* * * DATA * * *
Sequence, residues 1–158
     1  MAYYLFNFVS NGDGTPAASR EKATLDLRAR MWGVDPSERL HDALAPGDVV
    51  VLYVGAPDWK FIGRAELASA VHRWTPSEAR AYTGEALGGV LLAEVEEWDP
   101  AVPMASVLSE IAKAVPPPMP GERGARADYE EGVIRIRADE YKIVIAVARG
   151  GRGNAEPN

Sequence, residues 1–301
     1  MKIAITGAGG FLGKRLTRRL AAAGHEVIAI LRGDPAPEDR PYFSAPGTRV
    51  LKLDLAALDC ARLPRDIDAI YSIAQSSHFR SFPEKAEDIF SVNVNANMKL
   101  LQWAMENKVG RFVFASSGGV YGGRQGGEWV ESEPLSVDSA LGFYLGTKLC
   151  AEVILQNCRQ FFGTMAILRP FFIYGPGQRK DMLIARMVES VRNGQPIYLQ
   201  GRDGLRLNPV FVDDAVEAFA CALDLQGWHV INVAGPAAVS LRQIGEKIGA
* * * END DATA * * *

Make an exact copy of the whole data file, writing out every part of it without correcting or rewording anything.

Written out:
Sequence, residues 1–158
     1  MAYYLFNFVS NGDGTPAASR EKATLDLRAR MWGVDPSERL HDALAPGDVV
    51  VLYVGAPDWK FIGRAELASA VHRWTPSEAR AYTGEALGGV LLAEVEEWDP
   101  AVPMASVLSE IAKAVPPPMP GERGARADYE EGVIRIRADE YKIVIAVARG
   151  GRGNAEPN

Sequence, residues 1–301
     1  MKIAITGAGG FLGKRLTRRL AAAGHEVIAI LRGDPAPEDR PYFSAPGTRV
    51  LKLDLAALDC ARLPRDIDAI YSIAQSSHFR SFPEKAEDIF SVNVNANMKL
   101  LQWAMENKVG RFVFASSGGV YGGRQGGEWV ESEPLSVDSA LGFYLGTKLC
   151  AEVILQNCRQ FFGTMAILRP FFIYGPGQRK DMLIARMVES VRNGQPIYLQ
   201  GRDGLRLNPV FVDDAVEAFA CALDLQGWHV INVAGPAAVS LRQIGEKIGA